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Meal schedule questions

Mary P

New Member
Camino(s) past & future
2018
#1
We lived in Spain for a couple of years and got used to the meal/snack schedule - desayuno -light breakfast, almuerzo-lunch around 11, comida-main meal at 2-3, merienda-snack (dinner for little kids) at 5-6, cena-supper at 9-10. In all the reading here that I have done, it seems that people are eating their big meal at night? Could that be so? When people speak of lunch and dinner on the threads, what do they mean? When do people eat their last meal, and what kind do the albergues or hostels serve? Do people stop at 1-2 to eat the main meal, and stay stopped? Or do they rest for 2-3 hours and then continue on? Or do they just eat a light lunch and then walk on to a main meal later in the day than the Spanish would do? Thanks for responding!
 

Bradypus

Antediluvian
Camino(s) past & future
Too many and too often!
#2
The pattern has changed on the Caminos in recent years. Especially on the Camino Frances. Most people these days end their days walking quite early - in time for a late menu del dia at regular Spanish hours. Few walk after that. I think mostly because pressure for beds makes it difficult to find beds later in the day unless reserved. Most albergues have a curfew around 10pm so normal Spanish dinner hours do not fit in well. Those albergues which provide meals will serve them earlier in the evening. The alternative is a recent invention - the menu peregrino. A fairly low cost limited menu served at earlier hours than traditional Spanish evening meals. Usually filling enough but the range and quality of food offered can be disappointing.
 

november_moon

Veteran Member
#4
People have all sorts of different ways of handling meals on the Camino, but because the Camino schedule doesn't mesh well with typical Spanish meal times, pilgrims don't necesarily conform to them. As mentioned, lights out at albergues is generally at 10pm and lights on is about 6am.

For us, breakfast was usually fruit and nuts, maybe some cured meat and cheese that we had with us. Then 2nd breakfast after walking an hour or 2 was something more substancial with coffee. Depending on the day, we might stop again for a bocadilla or something and then walk on, or maybe just have more snacks on the trail, or just wait until we were done walking for the day and eat something more substancial around 2 or 3. Just depended on how far we were going that day, how hungry we were, and what was available. Some days though, there wasn't much civilization to walk through, so we made sure we got a good breakfast first thing and had a packed lunch for the trail.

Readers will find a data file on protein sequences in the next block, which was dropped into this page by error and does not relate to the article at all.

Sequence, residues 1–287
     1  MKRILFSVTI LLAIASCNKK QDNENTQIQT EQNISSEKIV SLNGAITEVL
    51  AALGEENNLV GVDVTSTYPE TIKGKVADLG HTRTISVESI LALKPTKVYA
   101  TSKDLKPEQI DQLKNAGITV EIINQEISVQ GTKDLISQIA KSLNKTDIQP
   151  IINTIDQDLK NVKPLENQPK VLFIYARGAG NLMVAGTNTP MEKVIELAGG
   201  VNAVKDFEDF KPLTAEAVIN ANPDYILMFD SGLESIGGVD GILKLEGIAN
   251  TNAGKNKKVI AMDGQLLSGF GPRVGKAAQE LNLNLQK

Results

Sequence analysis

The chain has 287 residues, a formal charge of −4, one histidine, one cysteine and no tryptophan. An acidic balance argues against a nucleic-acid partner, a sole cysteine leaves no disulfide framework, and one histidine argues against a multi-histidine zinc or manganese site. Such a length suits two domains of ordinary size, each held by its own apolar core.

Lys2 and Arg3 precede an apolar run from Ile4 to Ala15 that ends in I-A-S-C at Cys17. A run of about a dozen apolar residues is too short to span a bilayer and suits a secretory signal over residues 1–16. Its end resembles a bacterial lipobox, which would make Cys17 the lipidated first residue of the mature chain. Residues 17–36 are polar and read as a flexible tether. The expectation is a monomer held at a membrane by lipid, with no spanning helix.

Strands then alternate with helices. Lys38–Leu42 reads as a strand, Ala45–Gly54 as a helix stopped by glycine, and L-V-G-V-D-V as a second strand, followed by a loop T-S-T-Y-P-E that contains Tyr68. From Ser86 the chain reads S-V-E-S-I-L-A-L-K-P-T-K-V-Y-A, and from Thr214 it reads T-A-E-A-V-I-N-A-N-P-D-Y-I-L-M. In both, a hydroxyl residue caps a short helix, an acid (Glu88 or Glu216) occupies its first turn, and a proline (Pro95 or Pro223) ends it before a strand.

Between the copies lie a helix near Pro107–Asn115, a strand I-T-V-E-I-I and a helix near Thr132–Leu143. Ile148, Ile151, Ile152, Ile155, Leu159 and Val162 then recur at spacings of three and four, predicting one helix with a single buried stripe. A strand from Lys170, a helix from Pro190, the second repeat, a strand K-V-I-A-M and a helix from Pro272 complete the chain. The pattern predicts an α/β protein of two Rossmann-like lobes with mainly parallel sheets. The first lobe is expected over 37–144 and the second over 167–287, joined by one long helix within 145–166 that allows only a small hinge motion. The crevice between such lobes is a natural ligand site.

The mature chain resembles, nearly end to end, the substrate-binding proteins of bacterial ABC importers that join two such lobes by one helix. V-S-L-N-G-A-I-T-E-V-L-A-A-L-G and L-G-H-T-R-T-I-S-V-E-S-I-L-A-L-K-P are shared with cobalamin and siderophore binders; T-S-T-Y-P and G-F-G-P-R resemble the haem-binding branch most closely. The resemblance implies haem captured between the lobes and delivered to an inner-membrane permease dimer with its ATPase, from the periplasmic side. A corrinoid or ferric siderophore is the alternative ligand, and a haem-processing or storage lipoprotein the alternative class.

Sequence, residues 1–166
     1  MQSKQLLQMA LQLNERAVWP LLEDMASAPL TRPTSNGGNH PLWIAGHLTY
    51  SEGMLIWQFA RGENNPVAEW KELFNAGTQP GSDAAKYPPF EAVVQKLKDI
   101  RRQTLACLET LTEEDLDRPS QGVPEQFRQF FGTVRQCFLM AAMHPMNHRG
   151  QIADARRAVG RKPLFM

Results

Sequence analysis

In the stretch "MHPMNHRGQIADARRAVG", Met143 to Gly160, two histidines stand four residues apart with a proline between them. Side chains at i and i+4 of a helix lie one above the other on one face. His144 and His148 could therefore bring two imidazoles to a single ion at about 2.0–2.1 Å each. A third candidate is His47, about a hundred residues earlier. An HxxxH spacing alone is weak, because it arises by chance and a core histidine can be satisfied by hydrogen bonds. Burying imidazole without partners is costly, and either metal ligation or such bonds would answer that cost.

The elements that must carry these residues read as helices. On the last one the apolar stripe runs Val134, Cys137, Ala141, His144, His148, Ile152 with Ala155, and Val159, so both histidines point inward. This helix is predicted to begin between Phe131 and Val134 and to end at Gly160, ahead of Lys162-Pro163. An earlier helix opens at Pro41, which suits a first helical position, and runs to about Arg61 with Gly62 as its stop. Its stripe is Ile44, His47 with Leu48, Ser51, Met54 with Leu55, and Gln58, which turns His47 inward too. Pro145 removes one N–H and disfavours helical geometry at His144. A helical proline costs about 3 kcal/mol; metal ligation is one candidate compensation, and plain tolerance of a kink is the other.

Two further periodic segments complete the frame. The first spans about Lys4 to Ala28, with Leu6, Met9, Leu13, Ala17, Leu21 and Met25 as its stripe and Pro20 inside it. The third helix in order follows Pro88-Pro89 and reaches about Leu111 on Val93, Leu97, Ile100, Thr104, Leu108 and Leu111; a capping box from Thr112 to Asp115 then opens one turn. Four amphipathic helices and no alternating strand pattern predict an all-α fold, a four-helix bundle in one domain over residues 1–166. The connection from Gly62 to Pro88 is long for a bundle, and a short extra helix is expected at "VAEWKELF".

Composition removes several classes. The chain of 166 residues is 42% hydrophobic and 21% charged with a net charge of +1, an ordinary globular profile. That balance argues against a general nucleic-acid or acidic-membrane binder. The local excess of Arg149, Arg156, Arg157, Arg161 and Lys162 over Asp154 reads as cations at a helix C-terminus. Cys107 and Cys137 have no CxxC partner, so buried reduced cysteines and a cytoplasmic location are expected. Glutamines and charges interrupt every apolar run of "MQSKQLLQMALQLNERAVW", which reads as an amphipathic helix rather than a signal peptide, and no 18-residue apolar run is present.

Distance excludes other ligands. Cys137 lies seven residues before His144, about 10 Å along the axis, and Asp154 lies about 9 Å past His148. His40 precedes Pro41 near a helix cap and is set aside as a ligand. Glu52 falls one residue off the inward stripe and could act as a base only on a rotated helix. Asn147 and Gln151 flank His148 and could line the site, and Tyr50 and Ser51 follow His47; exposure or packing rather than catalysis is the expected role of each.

We typically had our biggest meal in the evning because that was the best time to socialize - sometime around 6 or 7 - communal meals in albergues, out with friends to a local restaurant, or cooking together at the albergue.
 

MichaelC

Active Member
Camino(s) past & future
Aug 2017: Le Puy to Santiago
Nov 2018: Kumano Kodo (partial)
Jul 2019: San Miniato to Bolsena
#5
I liked stopping for a proper meal around 1 & then walking on, bit there were very few of us who did that. I almost always found that the lunch time menus were higher quality, and often less expensive, than the evening peregrino menus.
 

lt56ny

Active Member
Camino(s) past & future
2013-Frances SJP-Finisterre, 2015 Camino Le Puy-Santiago, 2017 Portugues Lisbon-Santiago 2018 Norte
#6
We lived in Spain for a couple of years and got used to the meal/snack schedule - desayuno -light breakfast, almuerzo-lunch around 11, comida-main meal at 2-3, merienda-snack (dinner for little kids) at 5-6, cena-supper at 9-10. In all the reading here that I have done, it seems that people are eating their big meal at night? Could that be so? When people speak of lunch and dinner on the threads, what do they mean? When do people eat their last meal, and what kind do the albergues or hostels serve? Do people stop at 1-2 to eat the main meal, and stay stopped? Or do they rest for 2-3 hours and then continue on? Or do they just eat a light lunch and then walk on to a main meal later in the day than the Spanish would do? Thanks for responding!
When you are walking eat a decent breakfast if you can. Then just listen to your body. Eat when it tells you to. Rest when it tells you too and walk when it tells you to. Bring some food in your pack. Lots of water.
Keep drinking water. If you are not walking the Camino Frances check to see how far it is between places you can find food. Sometimes it can be a very long distance. In France there were days that nothing was available until I got to a Gite. For dinner the size of the town and available restaurants and of course your buds will dictate your dinner selections.
 

Mary P

New Member
Camino(s) past & future
2018
#7
I liked stopping for a proper meal around 1 & then walking on, bit there were very few of us who did that. I almost always found that the lunch time menus were higher quality, and often less expensive, than the evening peregrino menus.
Interesting, and comports with the Spain I know.
 

MichaelC

Active Member
Camino(s) past & future
Aug 2017: Le Puy to Santiago
Nov 2018: Kumano Kodo (partial)
Jul 2019: San Miniato to Bolsena
#9